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The Achievement School District bill cleared the House K-12 Education Committee Wednesday with an 18-11 vote.

The bill — which was the focus of a House Select Committee prior to session — is the brainchild of Rep. Rob Bryan, R-Mecklenburg. It underwent something of a metamorphosis as it passed through the House Select Committee, becoming in the end more like three bills in one. Go here, here, here and here to read our coverage of Achievement School Districts (ASD) and get a sense for how it’s changed.

The actual Achievement School District portion of the bill would allow a pilot program that would take five of the state’s lowest-performing schools and put them into a state-run ASD headed by a superintendent of the State Board of Education’s choosing. The SBE would also have the power to possibly choose for-profit charter operators to run the schools.

Research presented to the House Select Committee that investigated ASDs indicated that, so far, they have not been successful in neighboring Tennessee, a state N.C. lawmakers looked to when considering this pilot. However, the research had more favorable things to say about Innovation Zones, which are similar to ASDs but remain under local control while giving schools in them charter-like flexibility. One of the researchers who presented to the House Select Committee also speculated that the comparable success of Innovation Zones might be due to the threat presented to local districts by the ASDs.

In this final bill, Innovation Zones also have a place. For starters, a 5-school Innovation Zone will be started in Charlotte-Mecklenburg Schools made up of Project LIFT and Beacon Initiative Schools. Then, any district that ends up turning over a school to the Achievement School District has the option of also turning three of its other continually low-performing schools into an Innovation Zone. Finally, the bill allows the State Board of Education to take applications for a 3-year pilot from up to two local boards of education to create a 3-school Innovation Zone for low-performing schools. The districts awarded those applications would not have to have turned over a school to the ASD.

A third part of the bill would allow the State Board to allow up to five continually low-performing schools around the state to implement a principal turnaround model. In this model, a local board of education replaces the principal of a school with one who has a proven track record of being able to turn around a low-performing school.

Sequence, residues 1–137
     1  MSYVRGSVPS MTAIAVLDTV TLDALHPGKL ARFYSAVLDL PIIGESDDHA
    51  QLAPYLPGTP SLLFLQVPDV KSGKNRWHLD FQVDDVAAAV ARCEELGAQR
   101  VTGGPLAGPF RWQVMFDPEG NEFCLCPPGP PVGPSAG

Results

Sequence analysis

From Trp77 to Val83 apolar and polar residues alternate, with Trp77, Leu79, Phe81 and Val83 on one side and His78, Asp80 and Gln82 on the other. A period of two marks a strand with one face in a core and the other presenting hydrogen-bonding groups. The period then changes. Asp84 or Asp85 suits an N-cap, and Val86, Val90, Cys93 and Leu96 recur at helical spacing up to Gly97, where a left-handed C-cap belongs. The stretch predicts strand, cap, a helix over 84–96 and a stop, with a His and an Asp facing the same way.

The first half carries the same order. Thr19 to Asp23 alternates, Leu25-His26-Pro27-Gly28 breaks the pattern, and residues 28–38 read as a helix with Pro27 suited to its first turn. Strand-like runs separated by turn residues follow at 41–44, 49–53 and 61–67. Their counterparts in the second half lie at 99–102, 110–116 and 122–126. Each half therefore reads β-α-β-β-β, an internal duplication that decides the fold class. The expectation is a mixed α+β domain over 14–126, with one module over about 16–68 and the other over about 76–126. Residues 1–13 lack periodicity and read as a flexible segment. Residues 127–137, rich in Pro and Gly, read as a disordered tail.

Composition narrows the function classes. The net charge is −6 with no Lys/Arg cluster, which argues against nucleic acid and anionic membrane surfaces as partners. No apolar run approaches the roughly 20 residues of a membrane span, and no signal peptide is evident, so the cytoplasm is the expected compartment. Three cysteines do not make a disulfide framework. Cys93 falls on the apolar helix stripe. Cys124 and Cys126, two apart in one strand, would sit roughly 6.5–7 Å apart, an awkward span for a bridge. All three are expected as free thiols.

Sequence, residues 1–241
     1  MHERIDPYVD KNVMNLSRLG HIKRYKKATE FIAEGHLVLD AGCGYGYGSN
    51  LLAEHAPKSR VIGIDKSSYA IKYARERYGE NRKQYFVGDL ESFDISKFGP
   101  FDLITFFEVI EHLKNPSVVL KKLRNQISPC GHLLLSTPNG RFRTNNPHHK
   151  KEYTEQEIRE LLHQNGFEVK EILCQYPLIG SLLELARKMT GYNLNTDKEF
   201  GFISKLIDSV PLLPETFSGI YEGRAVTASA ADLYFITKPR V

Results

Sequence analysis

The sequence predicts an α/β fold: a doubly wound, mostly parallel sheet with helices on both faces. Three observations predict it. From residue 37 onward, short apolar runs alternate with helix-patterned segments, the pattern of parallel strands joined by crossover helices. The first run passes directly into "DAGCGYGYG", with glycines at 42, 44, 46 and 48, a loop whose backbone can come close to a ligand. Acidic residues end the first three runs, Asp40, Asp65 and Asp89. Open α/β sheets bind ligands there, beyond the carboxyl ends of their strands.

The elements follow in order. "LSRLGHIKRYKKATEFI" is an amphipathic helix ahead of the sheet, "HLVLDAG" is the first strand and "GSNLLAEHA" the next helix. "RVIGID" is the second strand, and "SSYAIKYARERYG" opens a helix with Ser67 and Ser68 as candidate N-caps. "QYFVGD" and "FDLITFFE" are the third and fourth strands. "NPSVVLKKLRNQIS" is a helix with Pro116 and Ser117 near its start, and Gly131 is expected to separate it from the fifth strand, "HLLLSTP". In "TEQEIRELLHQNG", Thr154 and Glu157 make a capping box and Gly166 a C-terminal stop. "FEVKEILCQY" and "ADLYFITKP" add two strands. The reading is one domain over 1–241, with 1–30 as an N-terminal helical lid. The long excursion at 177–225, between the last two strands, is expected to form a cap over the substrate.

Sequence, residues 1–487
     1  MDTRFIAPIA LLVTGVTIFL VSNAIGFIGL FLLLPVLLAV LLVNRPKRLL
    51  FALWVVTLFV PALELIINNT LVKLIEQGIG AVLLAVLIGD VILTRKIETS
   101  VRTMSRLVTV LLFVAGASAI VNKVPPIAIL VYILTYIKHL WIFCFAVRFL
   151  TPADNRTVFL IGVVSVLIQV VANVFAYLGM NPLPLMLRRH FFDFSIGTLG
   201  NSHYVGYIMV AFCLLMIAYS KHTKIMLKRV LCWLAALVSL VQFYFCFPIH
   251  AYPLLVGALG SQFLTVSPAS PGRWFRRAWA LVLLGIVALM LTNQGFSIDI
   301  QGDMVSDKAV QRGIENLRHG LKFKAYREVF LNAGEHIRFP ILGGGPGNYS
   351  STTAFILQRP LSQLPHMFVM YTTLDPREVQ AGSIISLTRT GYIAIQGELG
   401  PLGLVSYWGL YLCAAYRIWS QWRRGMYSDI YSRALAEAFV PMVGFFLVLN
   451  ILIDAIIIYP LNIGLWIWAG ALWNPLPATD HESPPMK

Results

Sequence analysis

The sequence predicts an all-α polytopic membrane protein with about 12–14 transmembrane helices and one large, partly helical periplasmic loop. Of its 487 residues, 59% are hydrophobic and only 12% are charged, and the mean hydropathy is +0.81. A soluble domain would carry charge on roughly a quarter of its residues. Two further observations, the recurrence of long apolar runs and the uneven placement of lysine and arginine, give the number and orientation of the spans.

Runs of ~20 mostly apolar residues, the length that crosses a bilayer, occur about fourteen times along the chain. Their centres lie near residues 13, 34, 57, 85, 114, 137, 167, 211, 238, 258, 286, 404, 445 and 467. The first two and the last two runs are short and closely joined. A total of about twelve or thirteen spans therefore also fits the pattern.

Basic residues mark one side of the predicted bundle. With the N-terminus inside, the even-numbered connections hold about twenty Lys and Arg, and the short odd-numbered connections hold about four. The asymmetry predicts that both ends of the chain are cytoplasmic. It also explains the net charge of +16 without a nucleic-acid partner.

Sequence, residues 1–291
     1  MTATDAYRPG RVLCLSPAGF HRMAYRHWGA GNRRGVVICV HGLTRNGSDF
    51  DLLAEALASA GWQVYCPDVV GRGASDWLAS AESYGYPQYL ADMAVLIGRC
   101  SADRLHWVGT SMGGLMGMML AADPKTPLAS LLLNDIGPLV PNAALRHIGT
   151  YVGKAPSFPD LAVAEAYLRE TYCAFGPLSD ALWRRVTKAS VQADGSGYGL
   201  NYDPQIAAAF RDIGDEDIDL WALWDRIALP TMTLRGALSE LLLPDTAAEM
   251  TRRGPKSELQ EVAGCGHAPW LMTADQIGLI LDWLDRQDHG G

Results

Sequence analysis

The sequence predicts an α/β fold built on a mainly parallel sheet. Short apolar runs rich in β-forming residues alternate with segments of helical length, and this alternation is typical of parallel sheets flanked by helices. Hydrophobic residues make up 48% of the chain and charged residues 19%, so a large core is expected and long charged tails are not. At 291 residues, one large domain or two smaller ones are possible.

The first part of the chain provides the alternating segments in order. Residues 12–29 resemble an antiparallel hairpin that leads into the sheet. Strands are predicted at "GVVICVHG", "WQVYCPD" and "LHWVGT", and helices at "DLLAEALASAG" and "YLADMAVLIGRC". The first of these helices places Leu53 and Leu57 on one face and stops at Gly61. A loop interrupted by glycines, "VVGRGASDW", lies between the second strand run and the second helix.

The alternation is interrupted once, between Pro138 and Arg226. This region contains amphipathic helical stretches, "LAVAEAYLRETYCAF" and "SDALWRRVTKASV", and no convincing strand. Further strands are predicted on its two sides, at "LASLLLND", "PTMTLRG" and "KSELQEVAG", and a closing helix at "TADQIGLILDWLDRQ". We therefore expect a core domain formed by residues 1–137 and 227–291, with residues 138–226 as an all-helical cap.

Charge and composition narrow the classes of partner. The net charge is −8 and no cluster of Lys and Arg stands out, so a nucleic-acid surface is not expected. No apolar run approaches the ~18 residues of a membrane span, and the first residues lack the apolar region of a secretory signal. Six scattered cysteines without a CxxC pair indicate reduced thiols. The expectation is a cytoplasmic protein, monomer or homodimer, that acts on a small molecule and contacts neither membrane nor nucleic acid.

As expected, this bill garnered both support and opposition, with people on both sides of the issue speaking at the House K-12 Education Committee Wednesday.

Mark Jewell, vice president of the North Carolina Association of Educators, told lawmakers the idea of an ASD is “unproven at best.”

“In states like Tennessee, the data has been presented to you and shows very questionable results,” he said.

Kristopher Nordstrom, formerly of the General Assembly’s Fiscal Research Division, spoke on behalf of the North Carolina Justice Center and noted a number of concerns, not only with the notion of ASDs but with the bill itself. He said it had insufficient governance oversight, that the language used in the evaluation portion of the bill was “problematic,” and more that you can see in this blog post he put up on The Progressive Pulse, a blog of NC Policy Watch, which is associated with the Justice Center.

“ASD’s have proven not to work as a concept, and this particular bill, it’s less likely to work given (its) problems,” he said.

But then there were adamant supporters like former Rep. Marcus Brandon, now executive director of education advocacy organization CarolinaCAN, who said an ASD could be a spur for low-performing schools to improve.

“If people do not like Achievement School Districts, the best part about this bill is you can do everything you can not to become one,” he said.

And Rep. Cecil Brockman, D-Guilford, who is not a member of the House K-12 Education Committee but was a member of the House Select Committee that studied the issue, said everybody agrees on most of the bill and the sticking point is the charter aspect inherent in the ASD portion. He also pointed out African-American students’ poor achievement levels in traditional public schools and challenged the notion that the status quo is sufficient.

“African Americans are not doing as well in this system for whatever reason,” he said. “And this bill is a good bill that tries to use every tool in the toolbox.”

NC Policy Watch reported the questionable addition of certain members to the House K-12 Education Committee this week, saying the passage of the bill: “…came two days after House Speaker Tim Moore approved a handful of last-minute appointments to the House Education Committee, including the bill’s co-sponsor, Rep. John Bradford III, a Republican from Mecklenburg County, raising questions of whether the appointments were made to ensure the bill’s passage this week.”

In studying the document NC Policy Watch linked to, it appears true that Bradford, R-Mecklenburg, was added on Monday. The three other additions appear to have been appointed early last week.

Rep. Craig Horn, R-Union, one of the chairs of the House K-12 Education Committee, said he didn’t think additions to the Committee were an attempt to stack the deck in favor of the ASD bill.

“I see that I’ve got Republicans that voted no and Democrats that voted yes,” he said. “So, I would not put any credibility at all to the notion.”

Alex Granados

Alex Granados is senior reporter for EducationNC.